1766 - 1848                     INDEX      PEDIGREE

Possible house of Israel Calkins Sr.
806 E 2300 North
Nauvoo, Illinois


Marriage: abt 1785
Place: <Hebron, Wahington, New York>

Birth Date: 7 June 1766
Birth Place: Oblong, Dutchess, New York
Death Date: 27 July 1848
Hamburg, Fremont, Iowa

Samuel Calkins
Richard S. Calkins
Rachel Calkins
Phoebe Calkins
Martha Minerva Calkins
Chauncy Ira Calkins
Israel Calkins Jr.
Mary Calkins
William Cyril Calkins
David Calkins (w-2)
Deborah Calkins (w-2)
Charlotte Calkins (w-2)
Lumen Hopkins Calkins (w-2)
Polly Calkins (w-2)



Israel Calkins




Mary Griggs-Calkins died young in 1807, when Martha was about 12 years of age. Her father married again within a year's time to his first cousin, HANNAH CALKINS, daughter of AARON CALKINS, who was the brother of Israel's father, DAVID CALKINS. ISRAEL CALKINS SR. was an early convert to the LDS Church, which was organized in 1830. No Baptismal record has been found to date. However, I did find in Early LDS Membership microfiche files that he was made an Elder (High Priest) and received his Patriarchal Blessing from the 1st Church Patriarch, Joseph Smith, Sr., the Prophet's father, on July 7th, 1836 in Freedom, Cattaraugus County, NY. The CALKINS family was at that time living in Westfield, Chautauqua county, NY. The period following this is rather cloudy, but apparently, they left New York, answering "the call" for the Saints to pull out of New York and Pennsylvania and go to Kirtland, Ohio, where a Mormon community was being developed and a temple was to be built. Many other CALKINS relatives also went to Kirtland, according to early LDS Church History (Vols.) and records I have recovered from the LDS Archives. An uncle and cousins of Israel Calkins also joined the Mormon Church and in the early 1830s were among the "Saints" who were sent to establish "ZION" in Jackson county, Missouri. Their names appear on the LDS Petition of Missouri in the early 1830s. When trouble started, word was sent for the Saints to join the main body in Kirtland, Ohio. But the Saints were forced out of Kirtland, not long after the completion of the Kirtland Temple and the historical Conference that was held there. So, they pushed on farther west and found a swampy area in southern Illinois along the Mississippi river. It was mosquito ridden, marshy region along the river, harboring disease, and generally thought of as worthless land. The Saints set to work, draining the swamps and building up the land. Within a very short period of time, it became a beautiful city. Joseph renamed it "Nauvoo" which supposedly means beautiful city. By 1840, it is here that we next find our ancestor, ISRAEL CALKINS SR. being called and sustained as one of the ten bishops in the new Mormon city of Nauvoo, Hancock County, Illinois, also known as Commerce, Illinois.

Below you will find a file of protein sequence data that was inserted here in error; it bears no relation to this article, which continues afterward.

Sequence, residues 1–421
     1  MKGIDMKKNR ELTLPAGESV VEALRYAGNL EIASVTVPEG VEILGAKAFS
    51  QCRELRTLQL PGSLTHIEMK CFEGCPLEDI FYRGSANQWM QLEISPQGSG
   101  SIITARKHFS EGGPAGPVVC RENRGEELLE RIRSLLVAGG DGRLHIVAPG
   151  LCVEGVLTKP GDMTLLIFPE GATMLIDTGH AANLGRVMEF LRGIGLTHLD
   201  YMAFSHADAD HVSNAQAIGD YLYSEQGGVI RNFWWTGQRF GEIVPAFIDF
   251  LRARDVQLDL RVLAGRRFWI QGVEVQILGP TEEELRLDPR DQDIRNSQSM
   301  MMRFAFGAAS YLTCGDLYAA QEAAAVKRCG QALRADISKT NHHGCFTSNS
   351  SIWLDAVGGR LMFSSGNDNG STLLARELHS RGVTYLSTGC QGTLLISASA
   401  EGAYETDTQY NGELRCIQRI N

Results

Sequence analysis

ISRAEL CALKINS was a Bishop of one of the ten ecclesiastical wards in Nauvoo, IL, "that area east of the city and south of Knight St" Aug. 20, 1842.

Most of the CALKINS family took part in the EXODUS to Winter Quarters, Nebraska & Council Bluffs, Iowa. Some of them took part in the Mormon Battalion during the Mexican War, and returned to Iowa after being discharged. Some of these went farther south into Iowa, remaining faithful Saints all their lives, but choosing not to go out to Salt Lake Valley.

Israel and his wife, Hannah Calkins, died in Iowa and never made it to Salt Lake Valley. They are buried there somewhere, probably in one of the long abandoned cemeteries along the Mormon Trail.

While in Iowa, the Calkins families took part in the Kanesville Conference in the first Mormon Tabernacle ever built, which was under the direction of Brigham Young - purportedly "the world's biggest log cabin" built by white men, anyway, that could house ALL the Saints...over 1,000 were able to be inside for the Conference. It was here that Brigham Young was finally sustained by the Church body "with a show of all hands" vote during the Conference, as the new Prophet and President of the Church Of Jesus Christ of Latter-Day Saints.